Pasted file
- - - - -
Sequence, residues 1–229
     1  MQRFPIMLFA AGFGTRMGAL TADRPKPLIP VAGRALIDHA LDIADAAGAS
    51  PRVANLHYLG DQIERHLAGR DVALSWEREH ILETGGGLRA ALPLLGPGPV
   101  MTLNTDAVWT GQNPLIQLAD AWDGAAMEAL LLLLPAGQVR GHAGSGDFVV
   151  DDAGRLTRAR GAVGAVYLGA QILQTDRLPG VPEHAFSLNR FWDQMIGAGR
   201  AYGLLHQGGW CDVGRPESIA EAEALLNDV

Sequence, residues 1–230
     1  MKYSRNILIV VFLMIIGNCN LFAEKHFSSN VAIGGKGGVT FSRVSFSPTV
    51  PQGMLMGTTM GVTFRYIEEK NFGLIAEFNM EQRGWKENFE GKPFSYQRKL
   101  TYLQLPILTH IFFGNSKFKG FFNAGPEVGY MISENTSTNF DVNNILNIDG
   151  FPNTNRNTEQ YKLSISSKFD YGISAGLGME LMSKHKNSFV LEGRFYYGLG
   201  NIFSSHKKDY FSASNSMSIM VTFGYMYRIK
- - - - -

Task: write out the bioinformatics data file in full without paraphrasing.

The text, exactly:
Sequence, residues 1–229
     1  MQRFPIMLFA AGFGTRMGAL TADRPKPLIP VAGRALIDHA LDIADAAGAS
    51  PRVANLHYLG DQIERHLAGR DVALSWEREH ILETGGGLRA ALPLLGPGPV
   101  MTLNTDAVWT GQNPLIQLAD AWDGAAMEAL LLLLPAGQVR GHAGSGDFVV
   151  DDAGRLTRAR GAVGAVYLGA QILQTDRLPG VPEHAFSLNR FWDQMIGAGR
   201  AYGLLHQGGW CDVGRPESIA EAEALLNDV

Sequence, residues 1–230
     1  MKYSRNILIV VFLMIIGNCN LFAEKHFSSN VAIGGKGGVT FSRVSFSPTV
    51  PQGMLMGTTM GVTFRYIEEK NFGLIAEFNM EQRGWKENFE GKPFSYQRKL
   101  TYLQLPILTH IFFGNSKFKG FFNAGPEVGY MISENTSTNF DVNNILNIDG
   151  FPNTNRNTEQ YKLSISSKFD YGISAGLGME LMSKHKNSFV LEGRFYYGLG
   201  NIFSSHKKDY FSASNSMSIM VTFGYMYRIK